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Monday, July 15, 2024

Indian Supreme Court Rejects Same-Sex Marriage Recognition

The Indian Supreme Court rejected same-sex marriage recognition petitions, upholding legislative responsibility and judicial restraint.

The Indian Supreme Court by its verdict delivered on 17.10.2023 in Supriyo vs Union of India has rejected the petitions claiming recognition of same-sex marriages.

A Californian Perspective

In connection with the recent Indian Supreme Court ruling, I recall an incident during my visit to California. I was invited by two Judges of the Federal Appellate Court, one of whom, Judge John Breyer, was the younger brother of US Supreme Court Justice Stephen Breyer. Justice Breyer recently resigned due to age, highlighting the life tenure of US Supreme Court and Federal Court Judges, who can choose to resign while on full pay.

While sitting with these judges in the Federal Appellate Court building in San Francisco, I criticized the 2015 US Supreme Court judgment in Obergefell vs Hodges. This landmark decision, in which Justice Stephen Breyer was part of the 5-4 majority, directed all states in the USA to recognize and register same-sex marriages.

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In that context, I argued that the US Supreme Court’s verdict was erroneous, as it effectively amounted to judicial legislation. I emphasized the importance of judicial restraint and the notion that laws should be enacted by the legislature, not by judges. I stressed that the Constitution maintains a separation of powers, and no one branch of government should encroach upon the domain of another. Making and amending laws is the responsibility of the legislature, not the judiciary.

I referenced a judgment I delivered in the case of Divisional Manager, Aravali Golf Club vs. Chander Haas in 2007. In this judgment, particularly in paragraph 17 onwards, I emphasized the need for judges to recognize their limits and avoid acting like emperors.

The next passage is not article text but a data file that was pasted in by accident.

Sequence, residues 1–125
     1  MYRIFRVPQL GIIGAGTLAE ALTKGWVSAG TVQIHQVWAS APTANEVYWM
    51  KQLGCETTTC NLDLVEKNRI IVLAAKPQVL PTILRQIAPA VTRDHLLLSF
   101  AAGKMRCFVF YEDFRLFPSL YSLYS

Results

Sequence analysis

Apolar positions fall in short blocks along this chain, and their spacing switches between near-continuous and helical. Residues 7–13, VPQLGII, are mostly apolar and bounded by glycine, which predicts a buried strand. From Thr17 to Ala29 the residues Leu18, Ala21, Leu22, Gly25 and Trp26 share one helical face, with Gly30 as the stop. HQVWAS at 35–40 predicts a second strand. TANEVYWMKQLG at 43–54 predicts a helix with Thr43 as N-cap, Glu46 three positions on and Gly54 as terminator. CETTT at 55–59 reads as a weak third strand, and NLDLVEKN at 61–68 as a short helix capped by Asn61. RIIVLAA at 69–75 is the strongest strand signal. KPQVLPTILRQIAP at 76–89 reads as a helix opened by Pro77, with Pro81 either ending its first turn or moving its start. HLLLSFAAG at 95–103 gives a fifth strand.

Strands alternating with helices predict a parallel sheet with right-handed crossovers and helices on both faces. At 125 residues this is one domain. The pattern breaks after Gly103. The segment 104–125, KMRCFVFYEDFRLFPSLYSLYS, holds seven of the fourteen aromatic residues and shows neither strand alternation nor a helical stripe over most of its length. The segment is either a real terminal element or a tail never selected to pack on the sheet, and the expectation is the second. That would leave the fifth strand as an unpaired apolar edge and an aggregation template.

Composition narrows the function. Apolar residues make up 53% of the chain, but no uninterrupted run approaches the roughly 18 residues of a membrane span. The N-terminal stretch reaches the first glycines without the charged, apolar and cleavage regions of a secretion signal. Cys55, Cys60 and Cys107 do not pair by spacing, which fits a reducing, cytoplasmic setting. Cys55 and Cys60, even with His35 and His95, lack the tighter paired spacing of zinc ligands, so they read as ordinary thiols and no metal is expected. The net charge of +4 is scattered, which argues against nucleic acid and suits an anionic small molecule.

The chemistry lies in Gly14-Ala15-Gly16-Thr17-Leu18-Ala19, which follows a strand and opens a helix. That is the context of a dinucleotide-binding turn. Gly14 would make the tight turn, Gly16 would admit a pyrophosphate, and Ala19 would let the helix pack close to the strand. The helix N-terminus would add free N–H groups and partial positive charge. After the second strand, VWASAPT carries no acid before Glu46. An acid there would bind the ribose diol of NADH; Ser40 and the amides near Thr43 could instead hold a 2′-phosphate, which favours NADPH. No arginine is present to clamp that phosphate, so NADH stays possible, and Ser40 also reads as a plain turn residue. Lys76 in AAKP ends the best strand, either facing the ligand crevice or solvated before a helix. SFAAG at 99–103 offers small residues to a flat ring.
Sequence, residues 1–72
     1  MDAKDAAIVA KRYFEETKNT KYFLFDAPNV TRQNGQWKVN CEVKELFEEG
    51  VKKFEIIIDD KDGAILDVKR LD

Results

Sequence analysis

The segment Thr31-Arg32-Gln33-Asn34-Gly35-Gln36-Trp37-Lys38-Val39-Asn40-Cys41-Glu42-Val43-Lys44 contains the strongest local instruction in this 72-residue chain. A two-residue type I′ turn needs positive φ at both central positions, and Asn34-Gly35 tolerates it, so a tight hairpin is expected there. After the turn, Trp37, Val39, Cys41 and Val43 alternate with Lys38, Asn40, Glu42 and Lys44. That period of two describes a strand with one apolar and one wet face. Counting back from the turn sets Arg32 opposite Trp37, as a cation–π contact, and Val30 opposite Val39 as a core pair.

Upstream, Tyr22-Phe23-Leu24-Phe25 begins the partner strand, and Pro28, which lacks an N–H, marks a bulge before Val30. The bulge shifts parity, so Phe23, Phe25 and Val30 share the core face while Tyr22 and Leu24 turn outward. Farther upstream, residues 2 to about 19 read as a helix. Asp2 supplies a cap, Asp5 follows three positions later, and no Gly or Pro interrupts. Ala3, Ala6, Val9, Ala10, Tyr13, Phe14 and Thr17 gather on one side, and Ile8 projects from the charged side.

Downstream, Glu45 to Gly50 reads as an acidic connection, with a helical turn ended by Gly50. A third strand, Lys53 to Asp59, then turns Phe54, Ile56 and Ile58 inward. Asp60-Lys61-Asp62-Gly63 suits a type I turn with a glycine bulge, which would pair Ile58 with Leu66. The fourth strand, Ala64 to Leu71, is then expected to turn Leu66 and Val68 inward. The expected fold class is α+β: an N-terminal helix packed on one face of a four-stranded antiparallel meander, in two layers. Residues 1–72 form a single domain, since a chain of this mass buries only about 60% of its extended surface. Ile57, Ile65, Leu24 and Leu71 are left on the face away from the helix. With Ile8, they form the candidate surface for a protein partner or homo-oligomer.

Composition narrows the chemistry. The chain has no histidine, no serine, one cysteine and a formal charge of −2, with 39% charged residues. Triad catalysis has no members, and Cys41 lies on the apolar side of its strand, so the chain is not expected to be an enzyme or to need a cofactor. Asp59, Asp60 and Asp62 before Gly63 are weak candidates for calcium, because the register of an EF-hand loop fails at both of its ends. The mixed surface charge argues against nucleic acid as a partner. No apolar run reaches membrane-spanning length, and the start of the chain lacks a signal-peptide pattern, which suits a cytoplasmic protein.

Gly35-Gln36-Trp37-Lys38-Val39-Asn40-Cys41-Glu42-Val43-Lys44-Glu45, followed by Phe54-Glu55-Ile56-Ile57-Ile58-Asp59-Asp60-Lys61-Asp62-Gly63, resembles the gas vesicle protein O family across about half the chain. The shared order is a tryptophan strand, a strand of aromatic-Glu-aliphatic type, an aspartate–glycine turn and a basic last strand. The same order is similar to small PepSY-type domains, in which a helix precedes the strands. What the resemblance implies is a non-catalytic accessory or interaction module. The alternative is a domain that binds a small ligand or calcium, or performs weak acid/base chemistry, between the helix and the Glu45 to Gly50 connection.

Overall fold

Legal Precedents in India

In India, the Supreme Court had previously decriminalized gay relationships in the case of Navtej Singh Johar vs Union of India in 2018.

Additionally, in the case of S. Khushboo vs Kanniammal in 2010, the Supreme Court ruled that live-in relationships were not illegal.

However, it is crucial to note that while these rulings addressed the legality of such relationships, they did not automatically confer legal rights that are typically associated with marriage.

The Court’s Decision

Marriage carries various legal rights, such as inheritance, maintenance, and more. These rights are traditionally established and defined by the legislature, not the judiciary.

Hence, the Supreme Court’s decision to dismiss the petitions is in alignment with the principle that courts should not be in the business of recognizing or defining same-sex marriages.

Instead, the Court suggested that the petitioners should pursue their objectives through the legislative process by approaching parliament or the state legislatures to pass laws recognizing same-sex marriages.

The case was heard by a 5-member bench, and the extensive 10-day hearing led to the verdict being reserved for five months.

While I respectfully submit that the case should have been promptly dismissed with a concise order on the same day, emphasizing the separation of powers and directing the petitioners to approach the legislature for relief, the Court’s considered decision was rendered.

Markandey Katju is an Indian jurist and former Supreme Court judge of India who served as chairman for the Press Council of India. He has also worked as Standing Counsel for the Income Tax Department. 

The views expressed in the article are the author’s own and do not represent the editorial policy or views of Global Village Space.